Frequently Asked Questions about AST12X

The amount of work I'm doing does not reflect the grade I'm getting

Your grade does not measure the amount of time spent studying (directly). It measures the number of correct answers on exams. Being able to state the correct answers is assumed to measure the amount of material you have learned in the course, and that is what grades are about. There is usually a strong correlation between time spent on the lecture notes and exam score, i.e. more time spent studying means more understanding of material which means a higher exam score. However, your personal perspective of how hard you are working ('A' or 'B' effort) is completely invisible to me as I can only judge your work based on your exam scores.

This is actually one of the big differences between college and high school. In high school, with smaller classes, the emphasis is on the learning process. Study and reading skills, tools and techniques are the main program goals in high school. In college, the emphasis is learning the subject material. It's assumed that your acceptance into college means that you have the basic tools needed to study. So high school grades focus on effort and techniques and less on the actual material. College only grades on the material learned, with little recognition of what level of effort was required by an individual to meet that goal.

I'm taking the course pass/no pass and now I think I'm going to get a 'B'. How do I switch to a grade option.

There is an appeal process through the office of Academic Affairs to change a grade option or late withdraw from a class. However, you have to have a really, really good reason to win an appeal. Just saying that "opps, I got a good grade" will not be sufficient to change the option (for obvious reasons, otherwise everyone would sign up for P/NP, wait to see their grade, then switch options).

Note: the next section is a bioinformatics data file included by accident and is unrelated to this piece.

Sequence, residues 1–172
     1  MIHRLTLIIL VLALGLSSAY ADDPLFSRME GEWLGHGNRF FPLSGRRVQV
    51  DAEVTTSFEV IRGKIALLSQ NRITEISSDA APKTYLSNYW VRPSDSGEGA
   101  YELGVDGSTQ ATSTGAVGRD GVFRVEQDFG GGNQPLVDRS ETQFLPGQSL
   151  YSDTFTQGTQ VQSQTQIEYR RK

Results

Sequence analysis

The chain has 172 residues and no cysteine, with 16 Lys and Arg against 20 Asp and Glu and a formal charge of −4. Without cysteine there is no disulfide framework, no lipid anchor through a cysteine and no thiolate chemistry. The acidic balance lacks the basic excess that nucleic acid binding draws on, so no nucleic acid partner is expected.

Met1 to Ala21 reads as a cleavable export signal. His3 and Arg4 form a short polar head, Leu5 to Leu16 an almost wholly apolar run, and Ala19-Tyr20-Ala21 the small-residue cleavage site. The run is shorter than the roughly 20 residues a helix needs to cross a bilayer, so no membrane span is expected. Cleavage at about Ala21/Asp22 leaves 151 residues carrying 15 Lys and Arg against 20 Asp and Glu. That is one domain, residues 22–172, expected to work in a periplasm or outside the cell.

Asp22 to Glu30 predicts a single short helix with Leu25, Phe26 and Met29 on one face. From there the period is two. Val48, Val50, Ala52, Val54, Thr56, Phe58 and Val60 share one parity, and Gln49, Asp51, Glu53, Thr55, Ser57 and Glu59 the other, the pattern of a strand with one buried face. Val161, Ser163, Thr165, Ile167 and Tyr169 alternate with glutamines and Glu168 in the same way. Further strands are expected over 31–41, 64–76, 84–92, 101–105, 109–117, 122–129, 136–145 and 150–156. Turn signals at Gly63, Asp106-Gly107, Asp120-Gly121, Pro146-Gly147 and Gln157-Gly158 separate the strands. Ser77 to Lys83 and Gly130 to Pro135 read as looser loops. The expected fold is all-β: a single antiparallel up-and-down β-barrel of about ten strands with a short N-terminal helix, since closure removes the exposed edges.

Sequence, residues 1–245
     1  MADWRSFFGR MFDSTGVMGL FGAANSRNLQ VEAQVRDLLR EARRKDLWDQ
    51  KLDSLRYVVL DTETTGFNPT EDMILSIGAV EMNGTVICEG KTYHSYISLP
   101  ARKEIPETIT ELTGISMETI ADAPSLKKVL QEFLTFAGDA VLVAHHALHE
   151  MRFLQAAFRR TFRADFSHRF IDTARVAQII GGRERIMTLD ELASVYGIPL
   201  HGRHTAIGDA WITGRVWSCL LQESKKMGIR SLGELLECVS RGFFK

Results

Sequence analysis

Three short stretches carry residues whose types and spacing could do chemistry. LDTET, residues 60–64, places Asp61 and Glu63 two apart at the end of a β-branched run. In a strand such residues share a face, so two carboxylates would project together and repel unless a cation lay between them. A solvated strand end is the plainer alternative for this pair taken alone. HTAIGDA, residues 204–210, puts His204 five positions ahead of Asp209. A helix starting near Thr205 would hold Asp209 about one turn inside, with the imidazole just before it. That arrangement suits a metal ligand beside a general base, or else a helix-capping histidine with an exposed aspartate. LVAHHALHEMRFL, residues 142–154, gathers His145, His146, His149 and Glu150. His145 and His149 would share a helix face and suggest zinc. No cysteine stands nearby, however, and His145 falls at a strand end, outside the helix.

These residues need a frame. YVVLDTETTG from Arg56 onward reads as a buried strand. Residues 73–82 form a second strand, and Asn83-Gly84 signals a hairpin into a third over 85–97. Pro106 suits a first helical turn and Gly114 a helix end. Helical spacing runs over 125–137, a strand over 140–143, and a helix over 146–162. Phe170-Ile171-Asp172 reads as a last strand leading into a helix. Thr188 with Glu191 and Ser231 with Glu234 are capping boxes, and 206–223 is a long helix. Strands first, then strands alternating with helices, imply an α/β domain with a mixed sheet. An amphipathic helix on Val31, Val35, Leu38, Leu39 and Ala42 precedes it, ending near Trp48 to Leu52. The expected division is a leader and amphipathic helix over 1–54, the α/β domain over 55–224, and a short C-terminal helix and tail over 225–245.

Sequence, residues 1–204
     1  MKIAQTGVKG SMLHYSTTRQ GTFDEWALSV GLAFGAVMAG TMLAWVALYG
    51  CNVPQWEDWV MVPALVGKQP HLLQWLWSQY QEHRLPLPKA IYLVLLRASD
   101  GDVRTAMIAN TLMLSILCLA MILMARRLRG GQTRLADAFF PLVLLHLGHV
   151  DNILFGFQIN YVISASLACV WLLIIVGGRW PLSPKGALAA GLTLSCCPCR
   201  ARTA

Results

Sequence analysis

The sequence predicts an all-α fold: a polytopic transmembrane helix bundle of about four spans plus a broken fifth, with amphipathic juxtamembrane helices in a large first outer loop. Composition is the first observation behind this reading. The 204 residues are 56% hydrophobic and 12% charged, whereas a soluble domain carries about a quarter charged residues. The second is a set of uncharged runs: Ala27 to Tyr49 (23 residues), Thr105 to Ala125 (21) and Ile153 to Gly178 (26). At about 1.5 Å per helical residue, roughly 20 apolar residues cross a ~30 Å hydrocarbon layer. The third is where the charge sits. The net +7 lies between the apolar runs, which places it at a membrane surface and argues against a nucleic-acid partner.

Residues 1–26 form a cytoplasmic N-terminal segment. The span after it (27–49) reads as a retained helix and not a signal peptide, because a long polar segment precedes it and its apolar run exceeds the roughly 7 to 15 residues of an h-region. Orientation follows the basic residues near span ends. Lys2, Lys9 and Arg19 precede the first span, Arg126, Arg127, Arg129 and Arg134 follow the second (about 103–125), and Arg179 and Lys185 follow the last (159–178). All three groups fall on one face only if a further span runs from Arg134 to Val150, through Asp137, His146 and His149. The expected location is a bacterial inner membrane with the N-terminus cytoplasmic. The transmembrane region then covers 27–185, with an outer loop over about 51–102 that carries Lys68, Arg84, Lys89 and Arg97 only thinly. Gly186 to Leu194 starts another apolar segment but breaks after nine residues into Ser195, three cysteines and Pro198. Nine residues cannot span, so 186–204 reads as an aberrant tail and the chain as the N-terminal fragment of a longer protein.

Are you going to grade on a curve?

Yes, the grades will be curved, meaning that a letter grade will be assigned based on your score relative to the scores of your fellow students. It is a ranking system.

I'm one point short of the next higher grade, can't you give me the higher grade?

Since the student population insists on being graded on a curve, then you must suffer the conditions of the curve. On a straight scale, one could work extra credit to increase your grade. But with a curve, it is not fair to the other students to add points without a reason. In addition, it's not the points that determine your grade, it is your rank compared to the other students. Thus, you may believe you are one point from a 'B', but in fact there may be dozens of students ahead of you on the curve.

Can't you re-grade my exams? I'm sure there's an extra point somewhere in there.

With a curve system I would have to re-grade everyone's exams to draw a new curve. This is not practical in a large class.

When will the exam be graded?


I forgot about the exam, or I was sick for the exam, or my computer ate my homework assignment, etc.

Contact me by email and we will work something out. Usually, this means a painful oral make-up exam (these are torture, so you want to avoid missing an exam at all costs).

I need a make-up exam, how do I do that?

Check my schedule on the class webpage and drop into my office any blank time.

Can I make an appointment to take my make-up exam?

No, just pick a blank time and stop by and hope I am there. I don't make appointments because students fail to keep them (based on 25 years of experience).

This class seem unrelated to life or my career goals, I'm bored, do I need to know this stuff?

This is a science course. Science is important. Every little bit you learn makes an impact later in your life, even though it may not seem like it now. Not everything in college has to be exciting, interesting or fun. Sometimes you just have to work hard. Sometimes the satisfaction of doing well in a new subject is worth the effort.